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September 26, 2003

Grand narrative

Kids these days grow up watching The Simpsons. The humour works on a number of levels and may be an education in itself for irony, parody and satire as well as slapstick. I often wonder how these people are going to make sense of the world as they get older and every film, tv show and novel is going to have an eerie familiarity as everything will have been seen before in an animated reference from early childhood. The series is a map of the culture we live in which makes up a comprehensive system.

Aristotle. Hegel. The Simpsons.

This might be a troubling development.

Posted by Ghost of a flea at September 26, 2003 09:54 AM

Comments

Frightening conclusions there, Sweetie... er, I mean, Mister Flea!

Posted by: Alexandra at September 26, 2003 10:56 AM

I don't suspect the ubiquitous cross-references to pop culture from Simpsons-watching will be any worse than, say, Mad Magazine reading. Or Weird Al music listening. Or, heck, classic Marvel comics title-reading.

Posted by: *** Dave at September 26, 2003 12:31 PM

Right on, Dave. I was deprived of pop culture as a kid, but I managed to absorb a subsistence level of cultural literacy secondhand via Mad magazine.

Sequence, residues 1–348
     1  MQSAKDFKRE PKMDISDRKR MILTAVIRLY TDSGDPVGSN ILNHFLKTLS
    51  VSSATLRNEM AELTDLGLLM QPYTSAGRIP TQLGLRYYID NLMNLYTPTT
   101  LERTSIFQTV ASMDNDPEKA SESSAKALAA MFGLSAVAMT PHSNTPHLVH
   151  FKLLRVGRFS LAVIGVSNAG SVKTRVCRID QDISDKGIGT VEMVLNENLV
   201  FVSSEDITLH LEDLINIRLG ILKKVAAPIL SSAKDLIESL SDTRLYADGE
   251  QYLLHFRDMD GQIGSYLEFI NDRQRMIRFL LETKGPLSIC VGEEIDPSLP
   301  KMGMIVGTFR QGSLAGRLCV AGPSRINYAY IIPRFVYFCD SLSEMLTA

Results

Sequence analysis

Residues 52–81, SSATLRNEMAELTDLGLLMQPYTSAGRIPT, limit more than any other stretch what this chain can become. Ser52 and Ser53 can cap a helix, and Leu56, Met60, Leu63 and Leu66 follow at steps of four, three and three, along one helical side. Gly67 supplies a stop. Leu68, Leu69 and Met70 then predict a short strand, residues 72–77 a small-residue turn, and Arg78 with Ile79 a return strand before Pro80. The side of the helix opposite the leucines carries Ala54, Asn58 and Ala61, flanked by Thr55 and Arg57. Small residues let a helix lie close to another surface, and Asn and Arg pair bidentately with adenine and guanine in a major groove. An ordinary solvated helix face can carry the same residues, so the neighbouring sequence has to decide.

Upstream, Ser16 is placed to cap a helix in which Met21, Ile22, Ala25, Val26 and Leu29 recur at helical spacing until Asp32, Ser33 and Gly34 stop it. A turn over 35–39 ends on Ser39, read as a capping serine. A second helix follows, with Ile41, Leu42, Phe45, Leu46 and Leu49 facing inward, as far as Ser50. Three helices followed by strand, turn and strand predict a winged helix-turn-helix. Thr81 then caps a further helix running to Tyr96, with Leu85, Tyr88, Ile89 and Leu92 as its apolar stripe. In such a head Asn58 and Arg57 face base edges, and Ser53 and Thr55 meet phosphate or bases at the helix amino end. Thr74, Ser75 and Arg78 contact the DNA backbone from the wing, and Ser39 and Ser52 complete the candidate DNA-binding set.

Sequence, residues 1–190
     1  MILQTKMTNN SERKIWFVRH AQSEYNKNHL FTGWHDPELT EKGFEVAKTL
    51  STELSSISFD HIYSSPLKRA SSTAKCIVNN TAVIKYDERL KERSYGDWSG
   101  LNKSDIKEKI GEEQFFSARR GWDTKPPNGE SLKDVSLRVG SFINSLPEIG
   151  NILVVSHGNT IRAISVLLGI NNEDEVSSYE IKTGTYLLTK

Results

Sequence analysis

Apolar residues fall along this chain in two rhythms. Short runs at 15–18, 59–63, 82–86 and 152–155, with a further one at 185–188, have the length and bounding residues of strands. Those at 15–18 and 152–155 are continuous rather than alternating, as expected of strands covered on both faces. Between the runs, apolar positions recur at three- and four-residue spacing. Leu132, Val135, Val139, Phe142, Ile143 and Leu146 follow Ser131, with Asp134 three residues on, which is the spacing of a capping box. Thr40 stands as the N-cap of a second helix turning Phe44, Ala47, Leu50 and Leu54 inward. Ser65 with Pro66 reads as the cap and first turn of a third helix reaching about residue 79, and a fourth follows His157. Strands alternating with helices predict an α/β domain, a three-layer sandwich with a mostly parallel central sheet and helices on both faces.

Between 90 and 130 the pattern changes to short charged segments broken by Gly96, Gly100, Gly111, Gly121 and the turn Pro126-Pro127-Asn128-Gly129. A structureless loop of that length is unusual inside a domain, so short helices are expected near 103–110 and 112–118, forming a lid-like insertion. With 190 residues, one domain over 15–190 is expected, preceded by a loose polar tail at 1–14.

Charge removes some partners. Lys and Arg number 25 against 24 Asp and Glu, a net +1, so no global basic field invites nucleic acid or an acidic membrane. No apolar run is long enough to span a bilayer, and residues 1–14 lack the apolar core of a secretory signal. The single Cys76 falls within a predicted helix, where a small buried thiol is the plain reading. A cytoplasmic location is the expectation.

Mad was much more explicit in its references- you could actually distill a rough synopsis of, say, "An Officer and a Gentleman" from the parody if you had to. The Simpsons, on the other hand, takes place in a parallel America, where nothing has to correspond too closely to any real thing or person, because it's all just so true.

Posted by: Matt at September 26, 2003 04:36 PM

Mad was amazing. So is The Simpsons. I did not see The China Syndrome until a few years ago and it was still difficult to engage with the film behind the half-remembered Mad parody I read when I was a kid. I wonder if that is what the entire world is going to look like to people raised in Springfield.

Posted by: Nicholas Packwood at September 26, 2003 06:21 PM

Excellent stuff. It's hard to imagine a world that isn't awash in irony. I wonder if gen-x's obsession with irony stems from the dishonesty and corruption of the boomers?

Posted by: Michael Williams at September 27, 2003 04:02 AM